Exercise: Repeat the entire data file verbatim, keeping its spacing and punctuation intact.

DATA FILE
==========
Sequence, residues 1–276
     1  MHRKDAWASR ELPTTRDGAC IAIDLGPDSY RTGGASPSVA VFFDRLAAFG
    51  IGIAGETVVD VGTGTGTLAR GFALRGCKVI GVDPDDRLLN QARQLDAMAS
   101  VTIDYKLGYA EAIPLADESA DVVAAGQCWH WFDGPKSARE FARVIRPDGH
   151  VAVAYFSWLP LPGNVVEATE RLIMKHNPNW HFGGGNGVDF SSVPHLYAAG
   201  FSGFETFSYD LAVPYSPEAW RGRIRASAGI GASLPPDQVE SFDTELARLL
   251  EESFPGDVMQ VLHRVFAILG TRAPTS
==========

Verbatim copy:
Sequence, residues 1–276
     1  MHRKDAWASR ELPTTRDGAC IAIDLGPDSY RTGGASPSVA VFFDRLAAFG
    51  IGIAGETVVD VGTGTGTLAR GFALRGCKVI GVDPDDRLLN QARQLDAMAS
   101  VTIDYKLGYA EAIPLADESA DVVAAGQCWH WFDGPKSARE FARVIRPDGH
   151  VAVAYFSWLP LPGNVVEATE RLIMKHNPNW HFGGGNGVDF SSVPHLYAAG
   201  FSGFETFSYD LAVPYSPEAW RGRIRASAGI GASLPPDQVE SFDTELARLL
   251  EESFPGDVMQ VLHRVFAILG TRAPTS